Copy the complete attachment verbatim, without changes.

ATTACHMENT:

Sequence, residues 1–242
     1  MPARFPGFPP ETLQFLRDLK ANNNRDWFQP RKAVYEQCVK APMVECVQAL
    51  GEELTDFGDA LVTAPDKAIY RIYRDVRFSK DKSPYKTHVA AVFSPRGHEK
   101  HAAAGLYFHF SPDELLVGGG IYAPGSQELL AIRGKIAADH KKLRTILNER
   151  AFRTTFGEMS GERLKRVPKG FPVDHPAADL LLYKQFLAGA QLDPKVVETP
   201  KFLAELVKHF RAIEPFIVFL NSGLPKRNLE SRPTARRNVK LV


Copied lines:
Sequence, residues 1–242
     1  MPARFPGFPP ETLQFLRDLK ANNNRDWFQP RKAVYEQCVK APMVECVQAL
    51  GEELTDFGDA LVTAPDKAIY RIYRDVRFSK DKSPYKTHVA AVFSPRGHEK
   101  HAAAGLYFHF SPDELLVGGG IYAPGSQELL AIRGKIAADH KKLRTILNER
   151  AFRTTFGEMS GERLKRVPKG FPVDHPAADL LLYKQFLAGA QLDPKVVETP
   201  KFLAELVKHF RAIEPFIVFL NSGLPKRNLE SRPTARRNVK LV